Whether “Argo” succeeds in snagging the best picture Oscar away from “Lincoln” at the Academy Awards ceremony on Sunday or Emmanuelle Riva becomes the oldest best actress honoree by beating presumed front-runner Jennifer Lawrence, one thing will be clear: When it comes to movies, audiences were the big winners in 2012.
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But 2012 also included the terrific action thriller “The Grey,” starring Liam Neeson; Steven Soderbergh’s playful and tone-perfect male-stripper comedy “Magic Mike”; Rian Johnson’s wildly inventive science-fiction thriller “Looper”; and the franchise installments “The Avengers,” “The Dark Knight Rises” and “Skyfall” — all of them exceptionally smart, good-looking and well-crafted.
By the time awards season got underway last fall, critics and industry insiders had formed a consensus: It was a great year for movies across a spectrum defined by genre exercises, sequels, mainstream comedies, micro-budgeted indies and the kind of modest-budgeted, adult-oriented dramas that many observers thought Hollywood had long since written off.
The reasons any movie year is better than another are myriad and mercurial. Last year’s bumper crop of quality is no different, although some clues can be found in new financing strategies, emerging technology and an increasingly cinema-literate audience that no longer accepts lame plots and lazy production values (two words: “John” and “Carter”).
Five years ago, Hollywood was in the midst of the same economic downturn as the rest of the country, shying away from sinking its own money into movies and instead banking on sure-fire comic book adaptations and proven series. The result was that filmmakers looked outside Hollywood for money — cobbling together international financiers or being bankrolled by a single investor, such as Megan Ellison — then brought their projects to studios to distribute and market. Last year’s “Looper,” “Zero Dark Thirty” and “Cloud Atlas” were made this way, an approach that preserved the strong artistic vision of their directors while providing the wide reach of a mainstream studio.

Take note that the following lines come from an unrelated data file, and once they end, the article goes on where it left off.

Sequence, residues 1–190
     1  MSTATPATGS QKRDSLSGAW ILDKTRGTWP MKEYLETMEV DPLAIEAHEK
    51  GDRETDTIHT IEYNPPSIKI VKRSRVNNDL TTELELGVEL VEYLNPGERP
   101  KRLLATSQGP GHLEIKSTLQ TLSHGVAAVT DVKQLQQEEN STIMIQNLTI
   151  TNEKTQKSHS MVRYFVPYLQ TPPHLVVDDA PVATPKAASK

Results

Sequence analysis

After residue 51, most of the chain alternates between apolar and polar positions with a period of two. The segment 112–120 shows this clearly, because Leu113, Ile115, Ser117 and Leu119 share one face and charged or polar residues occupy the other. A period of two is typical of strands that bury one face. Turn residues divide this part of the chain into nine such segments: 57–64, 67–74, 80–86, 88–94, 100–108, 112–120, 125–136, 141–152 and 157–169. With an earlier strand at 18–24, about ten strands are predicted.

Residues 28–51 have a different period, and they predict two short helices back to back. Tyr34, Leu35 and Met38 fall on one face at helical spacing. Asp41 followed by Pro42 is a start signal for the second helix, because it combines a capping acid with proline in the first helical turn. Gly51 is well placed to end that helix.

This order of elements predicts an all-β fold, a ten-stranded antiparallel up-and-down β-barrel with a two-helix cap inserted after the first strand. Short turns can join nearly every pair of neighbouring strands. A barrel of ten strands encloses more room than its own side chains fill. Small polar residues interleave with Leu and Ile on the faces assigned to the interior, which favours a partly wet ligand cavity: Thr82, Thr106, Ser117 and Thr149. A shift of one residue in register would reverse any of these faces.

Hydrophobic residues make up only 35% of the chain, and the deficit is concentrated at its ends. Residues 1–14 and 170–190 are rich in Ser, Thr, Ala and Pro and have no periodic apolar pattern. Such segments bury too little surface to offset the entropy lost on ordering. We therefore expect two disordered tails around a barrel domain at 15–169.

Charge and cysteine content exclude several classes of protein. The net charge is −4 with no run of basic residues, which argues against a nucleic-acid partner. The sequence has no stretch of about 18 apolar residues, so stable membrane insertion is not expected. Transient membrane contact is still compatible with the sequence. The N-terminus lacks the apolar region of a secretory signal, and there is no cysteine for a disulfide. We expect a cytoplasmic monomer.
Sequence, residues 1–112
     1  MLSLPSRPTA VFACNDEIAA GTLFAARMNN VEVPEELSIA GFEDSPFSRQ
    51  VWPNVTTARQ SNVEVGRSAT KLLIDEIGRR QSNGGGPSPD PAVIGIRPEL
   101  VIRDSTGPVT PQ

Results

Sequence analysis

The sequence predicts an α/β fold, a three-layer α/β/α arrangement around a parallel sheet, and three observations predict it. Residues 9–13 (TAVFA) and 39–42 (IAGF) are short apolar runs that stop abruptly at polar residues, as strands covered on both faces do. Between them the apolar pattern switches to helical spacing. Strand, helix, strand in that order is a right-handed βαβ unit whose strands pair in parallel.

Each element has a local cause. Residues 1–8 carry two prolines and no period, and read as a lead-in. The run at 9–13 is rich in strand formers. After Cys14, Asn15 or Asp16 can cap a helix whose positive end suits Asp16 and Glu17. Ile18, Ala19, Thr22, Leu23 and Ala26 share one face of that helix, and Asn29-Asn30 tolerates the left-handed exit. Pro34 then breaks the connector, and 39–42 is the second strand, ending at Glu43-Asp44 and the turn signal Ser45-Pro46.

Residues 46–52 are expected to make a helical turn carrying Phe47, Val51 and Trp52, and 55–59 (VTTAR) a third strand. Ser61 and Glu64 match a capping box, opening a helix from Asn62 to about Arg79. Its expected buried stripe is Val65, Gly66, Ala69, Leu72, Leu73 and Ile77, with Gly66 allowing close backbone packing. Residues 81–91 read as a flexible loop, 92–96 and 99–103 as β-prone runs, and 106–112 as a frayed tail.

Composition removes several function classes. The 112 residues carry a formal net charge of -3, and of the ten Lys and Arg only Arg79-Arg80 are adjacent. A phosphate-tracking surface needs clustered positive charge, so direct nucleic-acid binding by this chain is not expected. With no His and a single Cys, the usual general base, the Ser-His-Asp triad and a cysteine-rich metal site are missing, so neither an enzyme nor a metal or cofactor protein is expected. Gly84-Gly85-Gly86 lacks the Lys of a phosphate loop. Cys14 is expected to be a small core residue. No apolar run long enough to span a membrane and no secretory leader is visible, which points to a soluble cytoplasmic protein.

“I do think this year, the movies across the board were better,” says Jason Blum, founder and chief executive of Blumhouse Productions. The reason, he says, was that “every movie last year was put together at a time when money got very, very tight. And when you force a director to work within certain confines, he’s got to focus on performance, character, actors and story. And none of those things needs to be expensive.”
“I think there’s a new paradigm,” says producer Mike Medavoy, whose past films include “Rocky,” “One Flew Over the Cuckoo’s Nest,” “Platoon” and, more recently, “Shutter Island” and “Black Swan.” “And the paradigm is to spend less and make fewer films.” (Last year Sony Pictures announced that it would make two fewer films a year starting in 2014.) What’s more, he added, with such conspicuous budget-bloated flops as the aforementioned “John Carter,” as well as “Total Recall” and “Battleship,” burned into movie-business memories, studio executives are now painfully aware that dumbed-down spectacle is no longer enough.